HTML5 Site – Waterford Family Bowl (Part 3 of n)

(Back to beginning of series)

Part 3: Site Architecture Design

Now that I had the majority of the HTML and CSS down, I had more to figure out about how to implement the various features (like image gallery, news,and mailing list). Should I write my own, or should I use existing tools? What language should I use? What database system? Which pages should be static, which dynamic? The process of building he site was all about efficiency: getting the most done, using the best tools, in the least amount of time. That would allow me to focus as much time as possible in my before my deadline towards the things that will make a difference: site design, usability, and the the use of the features on the site.

I came with the conclusion that I could, and should, develop most of the data management using external tools. Spending time re-inventing the wheel and rebuilding tools that already have dedicated teams would be wasteful, especially when they all had some sort of hook (mostly RSS feeds) that I could just pull into the site. I was familiar with all the 3rd party tools I needed, so I was already comfortable with using them and knew they had the features that I needed. I came up with:

  • Google Apps for email and calendar
  • Here's a good tutorial. It was a little messy at first, but it gives you an iframe (the only standards-breaking thing on the site... thanks, Goog) that you can just drop in.
  • Picasa for photo gallery
  • I chose Picasa for a few reasons, the largest of which was the integration of the Google Apps account. While there's no "Picasa" section of Google Apps, I could use the account I set up to minimize the logins I'm using, now that I'm using four tools. I used the RSS feed to export to the image gallery and to make an image gallery  RSS link on the home page.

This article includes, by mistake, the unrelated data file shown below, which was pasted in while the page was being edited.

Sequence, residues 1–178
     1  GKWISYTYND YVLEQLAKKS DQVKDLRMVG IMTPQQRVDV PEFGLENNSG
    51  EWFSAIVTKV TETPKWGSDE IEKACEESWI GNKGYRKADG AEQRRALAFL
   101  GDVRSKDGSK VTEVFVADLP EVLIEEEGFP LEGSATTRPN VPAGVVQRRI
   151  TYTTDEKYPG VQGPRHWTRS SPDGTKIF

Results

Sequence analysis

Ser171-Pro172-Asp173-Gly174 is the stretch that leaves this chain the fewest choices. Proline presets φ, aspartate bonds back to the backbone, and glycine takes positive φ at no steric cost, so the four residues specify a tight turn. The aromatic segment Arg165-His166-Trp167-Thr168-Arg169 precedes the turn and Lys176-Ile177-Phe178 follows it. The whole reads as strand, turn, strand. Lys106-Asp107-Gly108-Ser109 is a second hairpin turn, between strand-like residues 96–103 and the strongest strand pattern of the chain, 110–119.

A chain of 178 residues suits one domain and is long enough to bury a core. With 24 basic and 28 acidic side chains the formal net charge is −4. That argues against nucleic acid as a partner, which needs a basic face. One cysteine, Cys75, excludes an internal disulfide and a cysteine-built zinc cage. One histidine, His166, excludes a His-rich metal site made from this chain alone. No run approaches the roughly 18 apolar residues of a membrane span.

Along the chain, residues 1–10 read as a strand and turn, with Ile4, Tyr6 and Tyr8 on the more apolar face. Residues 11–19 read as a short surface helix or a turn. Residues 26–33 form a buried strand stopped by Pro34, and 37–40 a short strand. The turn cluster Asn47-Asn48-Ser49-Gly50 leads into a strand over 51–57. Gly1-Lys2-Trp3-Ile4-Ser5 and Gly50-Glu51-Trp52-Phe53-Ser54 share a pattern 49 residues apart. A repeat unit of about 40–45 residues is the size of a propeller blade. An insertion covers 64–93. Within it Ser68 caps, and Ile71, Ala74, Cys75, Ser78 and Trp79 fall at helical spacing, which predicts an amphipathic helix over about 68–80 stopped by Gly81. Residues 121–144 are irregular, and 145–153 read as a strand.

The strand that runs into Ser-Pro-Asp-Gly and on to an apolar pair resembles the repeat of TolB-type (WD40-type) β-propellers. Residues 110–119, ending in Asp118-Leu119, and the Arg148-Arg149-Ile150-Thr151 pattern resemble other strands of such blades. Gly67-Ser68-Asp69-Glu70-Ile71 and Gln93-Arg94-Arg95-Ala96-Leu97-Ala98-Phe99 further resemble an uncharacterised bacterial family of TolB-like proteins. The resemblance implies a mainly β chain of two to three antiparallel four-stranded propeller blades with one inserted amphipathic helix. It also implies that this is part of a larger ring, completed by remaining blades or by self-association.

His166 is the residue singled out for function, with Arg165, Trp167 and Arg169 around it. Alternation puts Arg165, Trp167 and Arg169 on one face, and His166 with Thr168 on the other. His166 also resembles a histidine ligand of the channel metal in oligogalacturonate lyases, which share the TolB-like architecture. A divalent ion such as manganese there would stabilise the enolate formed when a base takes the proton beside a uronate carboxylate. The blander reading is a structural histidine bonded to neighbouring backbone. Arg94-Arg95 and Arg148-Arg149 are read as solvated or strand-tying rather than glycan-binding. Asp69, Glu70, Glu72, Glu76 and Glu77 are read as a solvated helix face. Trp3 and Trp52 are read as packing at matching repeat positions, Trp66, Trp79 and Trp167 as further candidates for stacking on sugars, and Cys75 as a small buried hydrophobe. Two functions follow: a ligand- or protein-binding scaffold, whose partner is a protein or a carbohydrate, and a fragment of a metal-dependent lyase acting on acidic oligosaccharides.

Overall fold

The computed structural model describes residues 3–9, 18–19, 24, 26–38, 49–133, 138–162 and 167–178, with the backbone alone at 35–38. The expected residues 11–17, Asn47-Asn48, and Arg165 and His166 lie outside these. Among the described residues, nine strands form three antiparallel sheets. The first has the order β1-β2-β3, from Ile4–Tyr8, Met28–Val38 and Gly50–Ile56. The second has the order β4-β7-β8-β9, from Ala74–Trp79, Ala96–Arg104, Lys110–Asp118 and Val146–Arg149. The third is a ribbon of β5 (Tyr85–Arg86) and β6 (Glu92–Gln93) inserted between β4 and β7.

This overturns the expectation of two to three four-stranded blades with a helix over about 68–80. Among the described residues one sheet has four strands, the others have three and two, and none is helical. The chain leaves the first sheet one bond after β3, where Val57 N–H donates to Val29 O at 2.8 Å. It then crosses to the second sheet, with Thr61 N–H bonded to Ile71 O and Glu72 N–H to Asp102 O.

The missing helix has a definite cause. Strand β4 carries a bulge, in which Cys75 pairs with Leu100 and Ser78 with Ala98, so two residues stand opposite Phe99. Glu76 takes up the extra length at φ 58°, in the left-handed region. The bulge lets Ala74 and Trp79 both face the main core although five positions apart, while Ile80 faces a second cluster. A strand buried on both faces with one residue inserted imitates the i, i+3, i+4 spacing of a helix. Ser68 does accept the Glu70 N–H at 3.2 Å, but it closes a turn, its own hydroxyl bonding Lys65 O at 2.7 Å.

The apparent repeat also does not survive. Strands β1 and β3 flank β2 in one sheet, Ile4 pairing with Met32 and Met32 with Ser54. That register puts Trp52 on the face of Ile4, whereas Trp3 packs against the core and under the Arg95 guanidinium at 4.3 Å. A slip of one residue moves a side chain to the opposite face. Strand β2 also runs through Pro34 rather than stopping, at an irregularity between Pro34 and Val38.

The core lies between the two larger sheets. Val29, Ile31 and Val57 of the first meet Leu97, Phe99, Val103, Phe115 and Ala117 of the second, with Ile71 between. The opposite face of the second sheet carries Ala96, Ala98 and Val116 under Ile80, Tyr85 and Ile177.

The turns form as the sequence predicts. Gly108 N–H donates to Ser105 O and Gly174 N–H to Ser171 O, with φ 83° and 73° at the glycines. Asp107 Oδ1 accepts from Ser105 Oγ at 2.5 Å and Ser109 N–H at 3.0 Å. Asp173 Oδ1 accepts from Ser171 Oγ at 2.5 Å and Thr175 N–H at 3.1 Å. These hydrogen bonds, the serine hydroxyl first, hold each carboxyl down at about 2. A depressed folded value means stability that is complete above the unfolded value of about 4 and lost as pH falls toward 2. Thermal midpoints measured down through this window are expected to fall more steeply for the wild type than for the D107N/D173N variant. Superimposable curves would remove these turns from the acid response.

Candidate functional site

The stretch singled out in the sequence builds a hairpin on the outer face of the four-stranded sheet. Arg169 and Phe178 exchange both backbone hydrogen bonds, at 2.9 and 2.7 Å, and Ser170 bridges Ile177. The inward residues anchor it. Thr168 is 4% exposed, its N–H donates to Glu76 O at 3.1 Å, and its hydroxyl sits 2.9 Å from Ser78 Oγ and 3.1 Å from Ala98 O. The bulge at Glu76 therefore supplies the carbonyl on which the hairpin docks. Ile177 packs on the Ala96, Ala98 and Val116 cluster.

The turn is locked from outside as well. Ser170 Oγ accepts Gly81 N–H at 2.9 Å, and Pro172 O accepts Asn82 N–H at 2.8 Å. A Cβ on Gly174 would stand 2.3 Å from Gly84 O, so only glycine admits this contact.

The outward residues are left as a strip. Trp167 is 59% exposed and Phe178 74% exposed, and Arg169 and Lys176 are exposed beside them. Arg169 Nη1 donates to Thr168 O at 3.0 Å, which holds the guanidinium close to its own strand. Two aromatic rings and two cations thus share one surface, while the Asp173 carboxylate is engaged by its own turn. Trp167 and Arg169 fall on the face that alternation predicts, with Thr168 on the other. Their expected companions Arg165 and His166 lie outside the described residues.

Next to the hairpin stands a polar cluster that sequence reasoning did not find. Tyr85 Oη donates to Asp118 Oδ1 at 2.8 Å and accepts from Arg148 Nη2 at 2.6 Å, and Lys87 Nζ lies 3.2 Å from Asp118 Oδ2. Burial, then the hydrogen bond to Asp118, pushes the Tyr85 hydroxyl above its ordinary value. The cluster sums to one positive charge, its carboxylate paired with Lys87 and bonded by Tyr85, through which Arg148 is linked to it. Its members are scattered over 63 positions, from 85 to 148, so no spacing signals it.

• Wordpress for dynamic pages and news
  • The reason I used Wordpress, and I didn't just slap together my own editor, was the WCM Page Feeder plugin. It allows you to serve individual Wordpress pages as an RSS feed. This means that I could use WP's superior news-serving tools along with their page editing tools with very simple integration. I also added an RSS link to the home page, for news.
  • Pommo for mailing list management
  • I tried out a few tools, and found this to be the easiest to set up. Makes adding an email form pretty simple, manages everything for me. Another several hours saved to these guys. Here's some credit :D

I also used a couple 3rd party PHP Libraries so that I could hook all of this lovliness together:

  • Simplepie RSS Reader
  • Note: I had to switch my Wordpress RSS feeds over to Atom, even though SP claims it can read the RSS 2.0 standard. This was a simple checkbox in the "Writing" section of the Wordpress settings.
  • phpmailer for mail functions
  • A little messy to set up to go through Google Apps mail. I had to set these settings in class.phpmailer.php in order to connect without errors. Once you have this part right, though, you're good to go. I'll go into more detail about this in the next article.

Once all of these tools were in place, it was a simple matter of dumping their content, using Simplepie, into my template. I'll talk about the actual hooking up of everything, and setting up the custom code I did write, in the next article.

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